May 15, 2014

Smoosh

Start to 9000 rpm nicely replicates my experience with a Singer Overlocker though.

Gripweed
Nov 8, 2018

ASK ME ABOUT MY
UNITED STATES MARINES
FUNKO POPS COLLECTION





HelloIAmYourHeart posted:

What kind of "worth it" are we talking here? Like, do you want to experience fixing up an antique, or do you want a functional sewing machine? Because those may or may not be the same thing in this case.

If you're talking monetarily, you'll almost certainly spend more on parts/labor/etc fixing it up than you would on buying a basic new machine that will have more functionality than the Singer (not nearly as much style, though. Old Singers are gorgeous).

I guess I meant worth it as, would I have a good sewing machine at the end, and would I be happy to know that I had saved something special from the dump. It's kind of looking like I wouldn't have a lot of fun trying to sew with one of thses things compared to a modern sewing machine, and the world is lousy with these things so it wouldn't be a tragedy if one was lost. Maybe I'll see if there's some place I can leave it where someone with more interest in such things would find it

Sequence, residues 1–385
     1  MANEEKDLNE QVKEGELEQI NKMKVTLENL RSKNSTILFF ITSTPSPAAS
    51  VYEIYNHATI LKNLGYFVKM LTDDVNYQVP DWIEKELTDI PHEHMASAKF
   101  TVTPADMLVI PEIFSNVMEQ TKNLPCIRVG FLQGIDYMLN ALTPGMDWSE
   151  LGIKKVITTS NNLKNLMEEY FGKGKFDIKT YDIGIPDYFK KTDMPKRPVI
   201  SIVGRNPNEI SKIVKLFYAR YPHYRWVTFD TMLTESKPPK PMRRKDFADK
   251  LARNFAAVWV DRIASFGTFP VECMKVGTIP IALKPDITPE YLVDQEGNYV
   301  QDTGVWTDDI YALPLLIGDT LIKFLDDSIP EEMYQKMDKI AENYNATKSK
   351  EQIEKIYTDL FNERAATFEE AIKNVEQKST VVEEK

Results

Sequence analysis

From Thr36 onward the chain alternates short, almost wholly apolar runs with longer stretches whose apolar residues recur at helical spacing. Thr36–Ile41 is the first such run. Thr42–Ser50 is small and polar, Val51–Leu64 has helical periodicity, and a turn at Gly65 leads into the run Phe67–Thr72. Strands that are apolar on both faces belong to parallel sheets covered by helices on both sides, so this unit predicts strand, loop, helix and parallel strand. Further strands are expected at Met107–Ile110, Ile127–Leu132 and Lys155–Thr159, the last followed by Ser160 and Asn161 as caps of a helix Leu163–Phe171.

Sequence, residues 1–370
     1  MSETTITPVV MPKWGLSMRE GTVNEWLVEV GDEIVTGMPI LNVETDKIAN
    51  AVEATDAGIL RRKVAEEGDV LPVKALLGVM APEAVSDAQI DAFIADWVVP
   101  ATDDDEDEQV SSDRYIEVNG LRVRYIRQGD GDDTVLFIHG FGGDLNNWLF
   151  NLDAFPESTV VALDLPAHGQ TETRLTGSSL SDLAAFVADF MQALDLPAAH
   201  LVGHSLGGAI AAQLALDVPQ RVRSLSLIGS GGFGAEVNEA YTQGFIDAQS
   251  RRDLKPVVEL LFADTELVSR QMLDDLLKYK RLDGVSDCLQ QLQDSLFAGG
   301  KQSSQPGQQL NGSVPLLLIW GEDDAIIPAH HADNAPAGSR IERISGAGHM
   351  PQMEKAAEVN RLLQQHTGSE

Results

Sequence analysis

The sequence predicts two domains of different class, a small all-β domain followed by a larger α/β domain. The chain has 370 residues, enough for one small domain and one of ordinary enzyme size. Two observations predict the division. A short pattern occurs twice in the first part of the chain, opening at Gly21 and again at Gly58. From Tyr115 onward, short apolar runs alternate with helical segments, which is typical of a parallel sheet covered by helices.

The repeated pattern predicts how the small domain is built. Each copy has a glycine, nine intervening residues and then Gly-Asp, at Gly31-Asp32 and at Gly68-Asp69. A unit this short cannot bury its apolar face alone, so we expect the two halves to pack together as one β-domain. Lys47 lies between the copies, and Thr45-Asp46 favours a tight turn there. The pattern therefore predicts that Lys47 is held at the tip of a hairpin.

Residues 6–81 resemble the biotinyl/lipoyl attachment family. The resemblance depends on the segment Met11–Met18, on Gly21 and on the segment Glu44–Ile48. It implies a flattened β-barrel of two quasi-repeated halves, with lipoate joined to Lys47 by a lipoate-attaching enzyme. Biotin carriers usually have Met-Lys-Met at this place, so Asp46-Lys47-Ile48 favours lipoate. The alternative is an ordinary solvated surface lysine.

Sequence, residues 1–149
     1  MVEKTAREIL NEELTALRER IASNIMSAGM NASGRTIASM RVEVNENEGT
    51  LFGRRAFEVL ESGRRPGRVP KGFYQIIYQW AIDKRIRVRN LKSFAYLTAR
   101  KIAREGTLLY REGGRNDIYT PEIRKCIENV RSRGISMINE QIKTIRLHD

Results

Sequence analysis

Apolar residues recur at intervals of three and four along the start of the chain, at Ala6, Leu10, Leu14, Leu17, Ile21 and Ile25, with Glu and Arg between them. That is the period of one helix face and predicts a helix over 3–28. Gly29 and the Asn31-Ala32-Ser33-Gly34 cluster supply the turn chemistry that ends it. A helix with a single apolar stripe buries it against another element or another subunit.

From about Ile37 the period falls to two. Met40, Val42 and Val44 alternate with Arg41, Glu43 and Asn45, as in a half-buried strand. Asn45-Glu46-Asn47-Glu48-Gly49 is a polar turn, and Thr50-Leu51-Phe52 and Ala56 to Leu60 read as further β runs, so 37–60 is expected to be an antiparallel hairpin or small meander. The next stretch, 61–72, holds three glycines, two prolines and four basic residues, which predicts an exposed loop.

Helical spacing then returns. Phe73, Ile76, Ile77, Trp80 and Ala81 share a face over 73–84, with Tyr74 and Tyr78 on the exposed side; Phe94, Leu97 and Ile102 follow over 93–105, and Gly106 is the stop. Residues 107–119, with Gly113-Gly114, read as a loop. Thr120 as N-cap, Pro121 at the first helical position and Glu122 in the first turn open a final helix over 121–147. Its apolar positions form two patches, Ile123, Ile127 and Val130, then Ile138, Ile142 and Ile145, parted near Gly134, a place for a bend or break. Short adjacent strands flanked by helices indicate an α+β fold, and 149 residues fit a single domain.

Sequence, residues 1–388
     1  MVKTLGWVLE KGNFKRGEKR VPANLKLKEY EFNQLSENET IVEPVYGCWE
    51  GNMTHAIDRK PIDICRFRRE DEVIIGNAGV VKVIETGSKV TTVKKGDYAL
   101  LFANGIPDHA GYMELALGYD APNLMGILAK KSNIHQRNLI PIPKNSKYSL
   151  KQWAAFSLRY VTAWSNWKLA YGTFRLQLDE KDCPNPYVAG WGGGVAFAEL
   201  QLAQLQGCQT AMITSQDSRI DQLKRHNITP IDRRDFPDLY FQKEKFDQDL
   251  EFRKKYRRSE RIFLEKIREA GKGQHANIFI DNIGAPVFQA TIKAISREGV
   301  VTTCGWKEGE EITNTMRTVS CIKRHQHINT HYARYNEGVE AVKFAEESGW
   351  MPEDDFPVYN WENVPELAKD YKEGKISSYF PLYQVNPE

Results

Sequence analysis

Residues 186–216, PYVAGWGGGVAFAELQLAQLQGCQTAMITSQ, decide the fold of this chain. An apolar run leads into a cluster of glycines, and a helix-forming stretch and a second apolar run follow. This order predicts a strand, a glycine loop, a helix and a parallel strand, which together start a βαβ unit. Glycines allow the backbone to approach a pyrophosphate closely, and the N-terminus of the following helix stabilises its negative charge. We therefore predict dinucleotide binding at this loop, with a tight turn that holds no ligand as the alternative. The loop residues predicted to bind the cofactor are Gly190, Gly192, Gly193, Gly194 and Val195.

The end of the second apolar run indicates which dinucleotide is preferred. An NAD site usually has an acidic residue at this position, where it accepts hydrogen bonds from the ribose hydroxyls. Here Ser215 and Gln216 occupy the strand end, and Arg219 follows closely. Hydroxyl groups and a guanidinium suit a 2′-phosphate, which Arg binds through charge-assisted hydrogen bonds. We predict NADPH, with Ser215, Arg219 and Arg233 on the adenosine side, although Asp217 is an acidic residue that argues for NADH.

Lead out in cuffs
Sep 18, 2012

"That's right. We've evolved."

"I can see that. Cool mutations."





Gripweed posted:

I guess I meant worth it as, would I have a good sewing machine at the end, and would I be happy to know that I had saved something special from the dump. It's kind of looking like I wouldn't have a lot of fun trying to sew with one of thses things compared to a modern sewing machine, and the world is lousy with these things so it wouldn't be a tragedy if one was lost. Maybe I'll see if there's some place I can leave it where someone with more interest in such things would find it

I mean, the actual sewing mechanism on those things is excellent. My primary machine is a 90+ year old electric Singer, and I really enjoy it. But it does lack zigzag and stretch stitch, which can be limiting.

But if your goal is to get into sewing, then yeah, you have much easier options available to you.

HelloIAmYourHeart
Dec 29, 2008

Send us signals in the glow
of night windows



Fallen Rib

Gripweed posted: